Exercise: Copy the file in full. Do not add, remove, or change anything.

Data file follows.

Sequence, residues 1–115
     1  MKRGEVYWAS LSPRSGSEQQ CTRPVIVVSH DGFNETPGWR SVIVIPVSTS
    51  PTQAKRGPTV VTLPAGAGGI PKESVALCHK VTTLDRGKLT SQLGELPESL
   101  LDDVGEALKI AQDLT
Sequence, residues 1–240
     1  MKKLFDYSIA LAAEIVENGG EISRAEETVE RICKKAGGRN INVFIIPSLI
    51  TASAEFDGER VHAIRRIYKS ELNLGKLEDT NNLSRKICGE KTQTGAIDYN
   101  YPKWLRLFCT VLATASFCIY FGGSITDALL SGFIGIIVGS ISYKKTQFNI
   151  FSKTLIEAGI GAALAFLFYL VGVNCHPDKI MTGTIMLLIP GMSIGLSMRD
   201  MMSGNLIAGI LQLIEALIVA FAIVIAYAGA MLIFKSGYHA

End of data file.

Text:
Sequence, residues 1–115
     1  MKRGEVYWAS LSPRSGSEQQ CTRPVIVVSH DGFNETPGWR SVIVIPVSTS
    51  PTQAKRGPTV VTLPAGAGGI PKESVALCHK VTTLDRGKLT SQLGELPESL
   101  LDDVGEALKI AQDLT
Sequence, residues 1–240
     1  MKKLFDYSIA LAAEIVENGG EISRAEETVE RICKKAGGRN INVFIIPSLI
    51  TASAEFDGER VHAIRRIYKS ELNLGKLEDT NNLSRKICGE KTQTGAIDYN
   101  YPKWLRLFCT VLATASFCIY FGGSITDALL SGFIGIIVGS ISYKKTQFNI
   151  FSKTLIEAGI GAALAFLFYL VGVNCHPDKI MTGTIMLLIP GMSIGLSMRD
   201  MMSGNLIAGI LQLIEALIVA FAIVIAYAGA MLIFKSGYHA